Monday, December 22, 2014

TYSON: State Senate action touches taxes, raffles

By CARYN TYSON, Kansas State Senator | 4/14/2014

The last week of the regular legislative session included several bills that passed the state Senate.

Tax law, penalty changes

House Bill 2557 started out as legislation that would allow a 30-day window for a taxpayer to pay without penalty additional taxes when the taxman sends notification the taxpayer owes more. Presently, they don’t have the 30 days to make the payment without penalty. The bill would not change the penalty, which is 50 percent of the balance due.

Under the present tax code, individuals who have a loss on their Schedule C, E or F forms cannot take a loss on their state tax forms, even though they can take them on the federal forms. HB 2557 was amended by the Senate to include language that would allow Kansas taxpayers who file a federal 1040 Schedule C, E or F form(s) and have a loss to take up to $25,000 in losses for an individual or $50,000 if married filing jointly. Many Kansas taxpayers have been taken by surprise by the statute that took effect for tax year 2013 that doesn’t allow the deduction on state income taxes. If HB 2557 is to become law with the existing language, 2013 taxpayers could file an amended tax return, otherwise it is a tax increase on Kansas small businesses. To become law, the bill will have to gain support with the House and the governor. HB 2557 passed the state Senate on a bi-partisan 25-12 vote. I supported the bill and the amendment.

Property taxes

Another tax issue before the Legislature deals with property taxes. Two counties in the state hired an out-of-state appraiser to assess property taxes on large commercial industrial property. As a result, a fertilizer plant in Montgomery County and a cement plant in Neosho County have received exorbitantly high tax bills. The fertilizer plant was expecting a $400,000 property tax bill after their property tax abatement expired and instead was stuck with a $10 million tax bill. Both companies have challenged their property tax assessments in court. Representatives from all sides have been working on language and agreed on the original language in HB 2643 insuring this will not become a problem in other counties. The bill also would put guidelines for the Property Valuation Division (PVD) regarding classifying personal property.

In a surprise action, the bill was amended on the Senate floor to exclude private health clubs from all property taxes. I voted against the amendment (for the second time) and do not support this legislation. However, the amendment passed 21-17. The purpose of HB 2643 was to prevent Kansas businesses from paying an exorbitant amount in property taxes because of misclassification and avoid future lawsuits. It was important to pass the main part of this legislation before other counties with these large commercial operations are negatively impacted. I voted yes and the bill passed on a 29-8 vote. This is a good example of a bill that has some things I do not favor but the overall purpose of the bill is important to pass.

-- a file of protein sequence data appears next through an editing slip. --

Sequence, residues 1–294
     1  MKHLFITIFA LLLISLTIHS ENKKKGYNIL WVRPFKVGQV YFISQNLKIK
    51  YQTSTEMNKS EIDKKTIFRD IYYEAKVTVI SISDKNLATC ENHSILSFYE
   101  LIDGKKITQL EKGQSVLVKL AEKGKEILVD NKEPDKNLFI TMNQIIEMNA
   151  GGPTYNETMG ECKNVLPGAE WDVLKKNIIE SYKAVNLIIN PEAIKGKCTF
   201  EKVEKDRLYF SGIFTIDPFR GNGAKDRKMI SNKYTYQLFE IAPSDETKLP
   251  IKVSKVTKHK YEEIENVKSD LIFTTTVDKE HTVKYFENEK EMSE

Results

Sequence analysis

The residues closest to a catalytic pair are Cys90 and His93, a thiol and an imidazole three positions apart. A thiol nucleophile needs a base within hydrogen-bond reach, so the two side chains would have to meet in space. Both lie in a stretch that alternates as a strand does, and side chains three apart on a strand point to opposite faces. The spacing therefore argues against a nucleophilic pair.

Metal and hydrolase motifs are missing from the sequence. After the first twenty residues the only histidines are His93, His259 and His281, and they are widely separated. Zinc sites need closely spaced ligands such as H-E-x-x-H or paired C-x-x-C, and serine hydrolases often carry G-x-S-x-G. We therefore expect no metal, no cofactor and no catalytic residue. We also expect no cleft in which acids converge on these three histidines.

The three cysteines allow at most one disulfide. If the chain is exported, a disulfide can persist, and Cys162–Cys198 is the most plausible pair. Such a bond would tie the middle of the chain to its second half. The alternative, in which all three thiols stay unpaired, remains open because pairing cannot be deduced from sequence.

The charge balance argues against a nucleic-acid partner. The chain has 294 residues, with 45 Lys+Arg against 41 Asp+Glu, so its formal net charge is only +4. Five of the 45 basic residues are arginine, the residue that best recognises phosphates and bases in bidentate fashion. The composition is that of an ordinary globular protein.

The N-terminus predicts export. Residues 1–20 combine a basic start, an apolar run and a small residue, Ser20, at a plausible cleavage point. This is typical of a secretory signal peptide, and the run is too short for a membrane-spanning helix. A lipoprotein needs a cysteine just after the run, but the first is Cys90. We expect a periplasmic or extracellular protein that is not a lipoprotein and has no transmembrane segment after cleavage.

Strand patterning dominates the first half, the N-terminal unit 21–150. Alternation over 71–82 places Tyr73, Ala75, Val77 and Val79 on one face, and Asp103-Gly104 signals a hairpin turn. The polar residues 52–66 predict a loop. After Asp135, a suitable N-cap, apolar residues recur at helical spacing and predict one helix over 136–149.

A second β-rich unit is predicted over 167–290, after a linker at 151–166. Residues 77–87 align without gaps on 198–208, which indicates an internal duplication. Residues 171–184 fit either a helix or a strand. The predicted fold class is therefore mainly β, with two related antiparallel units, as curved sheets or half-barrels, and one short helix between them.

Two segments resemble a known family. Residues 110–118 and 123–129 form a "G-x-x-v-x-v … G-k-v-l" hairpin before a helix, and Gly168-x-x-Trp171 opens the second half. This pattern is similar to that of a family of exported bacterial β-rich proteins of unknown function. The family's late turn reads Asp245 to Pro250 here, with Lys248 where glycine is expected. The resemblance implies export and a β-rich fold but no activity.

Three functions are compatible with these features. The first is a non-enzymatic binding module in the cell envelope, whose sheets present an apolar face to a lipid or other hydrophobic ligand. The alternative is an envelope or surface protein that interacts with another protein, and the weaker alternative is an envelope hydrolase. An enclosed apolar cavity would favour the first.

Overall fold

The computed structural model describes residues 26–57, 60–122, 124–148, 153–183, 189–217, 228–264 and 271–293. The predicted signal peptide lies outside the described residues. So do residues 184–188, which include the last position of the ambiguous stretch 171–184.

Teachers’ due process

The education funding bill (Senate Sub for HB 2506) that passed appropriated about $126 million to equalize school funding, including $78 million that could be used in property tax relief. However, the main topic of discussion has been an amendment that would remove state mandated teacher tenure and give local school districts the ability to make employment decisions, including to have tenure or not. Teachers would still have due process when their Constitutional rights have been challenged.

On the ballot: Raffles

Raffles now are considered gambling, which makes it illegal to hold raffles in Kansas. The House and Senate passed a legislation allowing voters to decide on the issue with a Constitutional Amendment. On the November ballot, as a Kansas voter, you will be able to mark the ballot for or against a Constitutional change that would allow churches, veteran’s organizations, charities, and other non-profits to legally hold raffles. The Constitutional Amendment would restrict the number of raffles per year and ban electronic gaming or vending machines selling raffle tickets.


Caryn Tyson, R-Parker, represents Franklin County and the 12th District in the Kansas Senate.

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